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An Employer’s Duty Re: Jury Duty

Serving on a jury is one of the most important civic duties that a citizen can fulfill. For employers, however, having employees miss days or weeks at a time to sit on a jury can a mean a lag in productivity. If an essential employee is summoned for service it may be tempting for the employer to persuade him or her to find a way out of participating. As an attorney, I have often heard jurors attempt to skirt their duty by saying, “You Honor, I cannot miss work.”

That statement is legally incorrect. Under Kentucky law, employers are not allowed to deprive any employee of his employment, threaten or coerce him with respect thereto because he serves as a juror or attends court for prospective jury service. If an employer discharges an employee for such, the employee may bring a civil action for recovery of lost wages and an order requiring their reinstatement with full seniority and benefits.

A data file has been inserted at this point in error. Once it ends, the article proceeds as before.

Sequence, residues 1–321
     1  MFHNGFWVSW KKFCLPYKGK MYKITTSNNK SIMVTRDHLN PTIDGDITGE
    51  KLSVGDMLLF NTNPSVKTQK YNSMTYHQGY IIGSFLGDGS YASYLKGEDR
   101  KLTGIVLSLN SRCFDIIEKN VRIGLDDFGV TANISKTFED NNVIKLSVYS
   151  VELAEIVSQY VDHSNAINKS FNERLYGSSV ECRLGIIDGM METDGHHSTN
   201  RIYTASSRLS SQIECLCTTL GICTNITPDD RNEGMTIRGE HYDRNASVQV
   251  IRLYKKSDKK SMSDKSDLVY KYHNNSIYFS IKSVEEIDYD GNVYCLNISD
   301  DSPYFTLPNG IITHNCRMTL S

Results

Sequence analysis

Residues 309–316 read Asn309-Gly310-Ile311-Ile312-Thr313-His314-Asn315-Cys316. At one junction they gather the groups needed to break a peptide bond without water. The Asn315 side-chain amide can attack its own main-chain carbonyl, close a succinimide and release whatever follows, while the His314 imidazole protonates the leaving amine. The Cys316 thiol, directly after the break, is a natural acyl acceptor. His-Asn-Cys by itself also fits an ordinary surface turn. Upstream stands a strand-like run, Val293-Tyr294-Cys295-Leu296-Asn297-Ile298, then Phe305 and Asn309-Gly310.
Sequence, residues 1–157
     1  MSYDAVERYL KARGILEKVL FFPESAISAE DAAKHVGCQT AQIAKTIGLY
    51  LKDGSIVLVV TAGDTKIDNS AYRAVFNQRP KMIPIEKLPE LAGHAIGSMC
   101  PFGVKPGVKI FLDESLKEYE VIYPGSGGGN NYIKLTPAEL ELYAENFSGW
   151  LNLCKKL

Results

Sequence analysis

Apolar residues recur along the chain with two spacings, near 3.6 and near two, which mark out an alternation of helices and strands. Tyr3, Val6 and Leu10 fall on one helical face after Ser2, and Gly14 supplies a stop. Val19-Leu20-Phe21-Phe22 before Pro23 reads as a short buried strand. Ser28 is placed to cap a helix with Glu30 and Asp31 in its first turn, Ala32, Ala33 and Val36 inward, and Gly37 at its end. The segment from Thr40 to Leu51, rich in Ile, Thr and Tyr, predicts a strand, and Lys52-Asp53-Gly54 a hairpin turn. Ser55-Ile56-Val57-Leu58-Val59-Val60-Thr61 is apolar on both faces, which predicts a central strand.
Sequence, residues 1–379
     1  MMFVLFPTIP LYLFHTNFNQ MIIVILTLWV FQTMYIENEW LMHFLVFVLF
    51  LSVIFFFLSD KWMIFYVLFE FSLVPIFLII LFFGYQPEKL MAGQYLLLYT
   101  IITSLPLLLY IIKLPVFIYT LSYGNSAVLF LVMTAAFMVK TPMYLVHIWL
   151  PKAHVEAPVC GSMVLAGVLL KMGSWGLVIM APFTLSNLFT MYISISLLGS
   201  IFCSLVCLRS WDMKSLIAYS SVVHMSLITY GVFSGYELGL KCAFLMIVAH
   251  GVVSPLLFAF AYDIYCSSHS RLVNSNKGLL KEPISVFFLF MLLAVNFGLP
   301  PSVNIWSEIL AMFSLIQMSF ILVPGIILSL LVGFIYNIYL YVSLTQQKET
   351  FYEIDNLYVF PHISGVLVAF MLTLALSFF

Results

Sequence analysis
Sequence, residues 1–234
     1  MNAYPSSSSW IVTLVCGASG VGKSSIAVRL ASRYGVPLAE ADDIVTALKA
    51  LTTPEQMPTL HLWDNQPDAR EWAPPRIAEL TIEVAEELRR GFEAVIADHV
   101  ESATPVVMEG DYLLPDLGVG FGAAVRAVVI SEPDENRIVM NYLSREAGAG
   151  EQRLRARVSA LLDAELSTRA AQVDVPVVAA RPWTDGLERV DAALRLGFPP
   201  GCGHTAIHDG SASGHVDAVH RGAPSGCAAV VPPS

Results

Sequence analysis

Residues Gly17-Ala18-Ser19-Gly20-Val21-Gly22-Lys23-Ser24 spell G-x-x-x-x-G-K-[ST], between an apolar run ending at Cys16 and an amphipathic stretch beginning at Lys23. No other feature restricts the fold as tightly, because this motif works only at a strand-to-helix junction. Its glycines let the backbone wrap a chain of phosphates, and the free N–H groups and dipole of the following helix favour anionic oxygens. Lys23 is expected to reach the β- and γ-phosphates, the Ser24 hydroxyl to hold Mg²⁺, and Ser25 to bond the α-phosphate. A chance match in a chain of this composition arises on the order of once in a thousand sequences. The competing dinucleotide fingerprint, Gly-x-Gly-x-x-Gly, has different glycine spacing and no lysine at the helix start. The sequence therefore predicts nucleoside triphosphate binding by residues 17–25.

It should be noted that employers do not have to compensate employees who miss work in relation to responding to a summons, attending court for prospective duty or actually serving. Jurors are compensated at $12.50 per day by the state. What jurors really mean when they say, “I cannot miss work,” is “I cannot afford to miss work.” Nevertheless, employers are permitted to compensate employees while they respond to this duty and doing so may make their employees more willing to participate in the judicial process.

B. Johnson

 

 

 

 

 

Brandon K. Johnson is an Associate in the Louisville, KY office of McBrayer, McGinnis, Leslie & Kirkland, PLLC. Mr. Johnson practices primarily in the areas of insurance defense, employment law, and general litigation. He can be reached at bjohnson@mmlk.com or at (502) 327-5400.

This article is intended as a summary of state and federal law and does not constitute legal advice.

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